That is why having other places where you can be alone is important. Going to a nearby cafe to do some assignments or lazing about in a library helps greatly. Just take periods of time during the day where you can leave, do your own thing, and come back. That way the time you spend with your housemate doesn’t overtake the time you spend recharging.

Focus on Yourself

Although setting alone time is crucial, what you do during that time apart is even more so. Being able to focus on yourself and your hobbies helps redirect your attention. If your mind is constantly thinking about other people’s issues, you’ll never be able to find time to focus on yourself.

For example, I’ve recently picked up some guitar lessons. I had been feeling very overwhelmed and it seemed like a good outlet. At first, I didn’t expect much of it, but it turned out to be a lot of fun! Now practicing playing the guitar has become a very liberating activity for me and I do it whenever I want to take my mind off of something.

In other words, focusing on yourself can be as simple as listening to your favorite songs or as complex as learning how to code. It’s all up to you and there is no right or wrong way to treat yourself. The only conditions are to indulge and have fun!

Set Boundaries

Despite this being the hardest one, it’s also the most important. When all else fails and you feel yourself becoming drained in what is supposed to be a fun relationship, honest communication is needed. 

As a ‘therapy friend’, the thought of telling someone I care about that I need space and want to change the subject seems almost criminal. I mean, your friend has it so much worse than you and you’re going to complain about this? Trust me, as someone who’s been there, it’s for the best. Keeping your feelings bottled up will, in the end, ruin your relationship. All those negative emotions are going to come out either way. It’s up to you whether it’s going to be a hard, unexpected blow or you sitting them down and telling them ahead of time how you’re feeling.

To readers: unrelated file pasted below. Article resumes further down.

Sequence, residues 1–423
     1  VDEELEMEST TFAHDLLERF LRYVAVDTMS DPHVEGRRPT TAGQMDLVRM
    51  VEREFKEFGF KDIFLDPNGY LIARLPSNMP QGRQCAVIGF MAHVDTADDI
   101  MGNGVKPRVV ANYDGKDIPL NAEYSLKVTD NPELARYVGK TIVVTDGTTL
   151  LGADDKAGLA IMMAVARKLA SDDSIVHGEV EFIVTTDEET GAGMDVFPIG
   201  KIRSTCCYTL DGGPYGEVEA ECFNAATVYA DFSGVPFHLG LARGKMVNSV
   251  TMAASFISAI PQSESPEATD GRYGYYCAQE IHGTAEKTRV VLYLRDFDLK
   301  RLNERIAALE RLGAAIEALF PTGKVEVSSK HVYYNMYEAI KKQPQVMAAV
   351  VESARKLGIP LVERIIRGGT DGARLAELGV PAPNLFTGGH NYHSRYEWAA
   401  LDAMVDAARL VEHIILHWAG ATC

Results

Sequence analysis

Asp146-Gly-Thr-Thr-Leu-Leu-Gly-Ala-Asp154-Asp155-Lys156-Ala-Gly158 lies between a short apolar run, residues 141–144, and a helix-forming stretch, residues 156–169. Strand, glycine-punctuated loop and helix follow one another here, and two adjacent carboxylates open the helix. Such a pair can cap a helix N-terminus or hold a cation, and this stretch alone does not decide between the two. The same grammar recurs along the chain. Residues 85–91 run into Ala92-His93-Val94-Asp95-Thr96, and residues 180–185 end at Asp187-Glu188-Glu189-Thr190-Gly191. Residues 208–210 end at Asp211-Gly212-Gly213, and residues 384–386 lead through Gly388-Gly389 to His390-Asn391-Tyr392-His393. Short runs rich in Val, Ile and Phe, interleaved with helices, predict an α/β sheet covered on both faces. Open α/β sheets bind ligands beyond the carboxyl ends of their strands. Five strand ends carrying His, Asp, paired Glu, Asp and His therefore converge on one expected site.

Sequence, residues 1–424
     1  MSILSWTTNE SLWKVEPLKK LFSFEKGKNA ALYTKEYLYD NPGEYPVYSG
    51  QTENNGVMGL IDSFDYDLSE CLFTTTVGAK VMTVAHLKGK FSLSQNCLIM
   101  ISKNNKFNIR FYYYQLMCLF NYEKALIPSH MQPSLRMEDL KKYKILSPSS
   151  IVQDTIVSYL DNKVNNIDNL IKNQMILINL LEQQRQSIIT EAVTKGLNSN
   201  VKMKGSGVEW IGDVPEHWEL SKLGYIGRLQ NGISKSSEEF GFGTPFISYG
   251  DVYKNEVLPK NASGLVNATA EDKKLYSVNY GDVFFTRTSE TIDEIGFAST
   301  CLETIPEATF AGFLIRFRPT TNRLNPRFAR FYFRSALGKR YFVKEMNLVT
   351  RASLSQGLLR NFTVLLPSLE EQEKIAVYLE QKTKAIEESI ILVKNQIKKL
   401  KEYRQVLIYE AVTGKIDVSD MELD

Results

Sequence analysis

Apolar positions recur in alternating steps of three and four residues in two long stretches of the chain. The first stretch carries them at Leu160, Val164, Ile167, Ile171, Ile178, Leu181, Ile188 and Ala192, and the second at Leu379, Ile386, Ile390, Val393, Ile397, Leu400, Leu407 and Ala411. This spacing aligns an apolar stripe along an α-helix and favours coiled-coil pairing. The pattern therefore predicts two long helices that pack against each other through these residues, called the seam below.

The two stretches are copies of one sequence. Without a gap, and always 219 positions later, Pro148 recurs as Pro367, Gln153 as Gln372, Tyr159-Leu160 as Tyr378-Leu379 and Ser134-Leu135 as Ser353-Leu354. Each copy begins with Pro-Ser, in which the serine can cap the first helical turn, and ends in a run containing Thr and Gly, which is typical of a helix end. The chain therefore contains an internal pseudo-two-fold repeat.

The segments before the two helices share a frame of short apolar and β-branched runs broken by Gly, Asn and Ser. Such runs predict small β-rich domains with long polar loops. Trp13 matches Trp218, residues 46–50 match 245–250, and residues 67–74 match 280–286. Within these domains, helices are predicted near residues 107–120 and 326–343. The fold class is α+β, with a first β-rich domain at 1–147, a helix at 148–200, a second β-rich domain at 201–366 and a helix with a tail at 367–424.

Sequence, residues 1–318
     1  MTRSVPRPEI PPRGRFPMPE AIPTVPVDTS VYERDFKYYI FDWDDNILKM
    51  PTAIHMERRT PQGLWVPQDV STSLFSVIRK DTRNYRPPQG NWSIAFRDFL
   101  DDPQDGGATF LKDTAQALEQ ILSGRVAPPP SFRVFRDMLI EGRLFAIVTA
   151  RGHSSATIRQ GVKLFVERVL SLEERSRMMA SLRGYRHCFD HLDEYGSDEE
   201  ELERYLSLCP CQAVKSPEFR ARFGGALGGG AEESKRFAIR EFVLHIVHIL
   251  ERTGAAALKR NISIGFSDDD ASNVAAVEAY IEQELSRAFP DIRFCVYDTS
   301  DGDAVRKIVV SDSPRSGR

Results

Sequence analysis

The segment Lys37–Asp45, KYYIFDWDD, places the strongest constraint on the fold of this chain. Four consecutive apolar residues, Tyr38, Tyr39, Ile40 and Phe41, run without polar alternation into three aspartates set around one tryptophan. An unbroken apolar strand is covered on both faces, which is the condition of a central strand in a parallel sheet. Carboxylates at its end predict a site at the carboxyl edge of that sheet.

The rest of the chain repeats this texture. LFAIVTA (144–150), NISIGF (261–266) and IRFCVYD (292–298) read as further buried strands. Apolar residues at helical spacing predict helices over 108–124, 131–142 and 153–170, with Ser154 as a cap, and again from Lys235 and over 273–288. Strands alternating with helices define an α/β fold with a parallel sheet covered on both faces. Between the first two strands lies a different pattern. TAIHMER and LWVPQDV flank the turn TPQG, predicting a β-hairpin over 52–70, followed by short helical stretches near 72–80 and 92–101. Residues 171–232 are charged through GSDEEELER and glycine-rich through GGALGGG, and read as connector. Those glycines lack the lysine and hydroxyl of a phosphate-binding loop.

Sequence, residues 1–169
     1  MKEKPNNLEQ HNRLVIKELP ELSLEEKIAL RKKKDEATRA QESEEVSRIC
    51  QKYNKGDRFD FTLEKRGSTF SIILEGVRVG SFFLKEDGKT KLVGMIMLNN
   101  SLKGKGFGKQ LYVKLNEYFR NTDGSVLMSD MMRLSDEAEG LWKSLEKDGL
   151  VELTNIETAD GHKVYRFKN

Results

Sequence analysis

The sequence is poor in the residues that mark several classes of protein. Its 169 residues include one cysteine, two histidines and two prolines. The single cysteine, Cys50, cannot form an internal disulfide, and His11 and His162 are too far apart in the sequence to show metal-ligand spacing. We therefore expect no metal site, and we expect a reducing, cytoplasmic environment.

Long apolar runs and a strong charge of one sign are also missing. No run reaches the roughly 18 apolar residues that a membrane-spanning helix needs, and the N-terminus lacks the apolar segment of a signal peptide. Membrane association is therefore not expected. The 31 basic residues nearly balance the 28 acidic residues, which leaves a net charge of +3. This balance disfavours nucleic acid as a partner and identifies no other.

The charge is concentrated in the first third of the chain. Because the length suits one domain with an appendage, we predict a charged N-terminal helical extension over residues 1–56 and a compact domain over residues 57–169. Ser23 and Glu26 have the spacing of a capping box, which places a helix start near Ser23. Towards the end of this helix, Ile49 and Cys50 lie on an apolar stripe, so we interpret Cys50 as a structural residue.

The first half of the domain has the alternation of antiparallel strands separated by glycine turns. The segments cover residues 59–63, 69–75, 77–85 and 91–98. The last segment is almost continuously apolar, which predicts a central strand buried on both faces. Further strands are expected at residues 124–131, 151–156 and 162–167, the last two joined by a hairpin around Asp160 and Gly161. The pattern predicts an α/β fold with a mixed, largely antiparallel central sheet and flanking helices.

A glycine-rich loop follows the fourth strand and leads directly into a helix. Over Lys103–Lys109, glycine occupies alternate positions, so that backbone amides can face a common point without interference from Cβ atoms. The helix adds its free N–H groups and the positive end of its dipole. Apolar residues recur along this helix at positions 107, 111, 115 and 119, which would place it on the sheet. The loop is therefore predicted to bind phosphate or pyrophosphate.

Will it be awkward? Maybe. But if your friend truly values their relationship with you, they’ll understand. Besides, who knows, this might even change your dynamic for the better!


Preventing emotional baggage is hard, especially if you want to be seen as a good friend. However, navigating relationships with emotional baggage is on a whole other level of difficulty. It really takes a strain on your mental health as well as your overall attitude towards others. That’s why I implore you to think about your current relationships and deeply reflect how you feel in them. If you ever start feeling drained from being with certain people, I recommend you start implementing some of these suggestions into your day-to-day life. Trust me when I say that putting yourself first is worth it and that you deserve it.

Natalia is a sophomore double majoring in Communications and Management with a minor in Latin American Studies. She is a member of the Tri Sigma sorority and loves writing articles about media critisms and female empowerment. Her hobbies include cooking and writing fiction.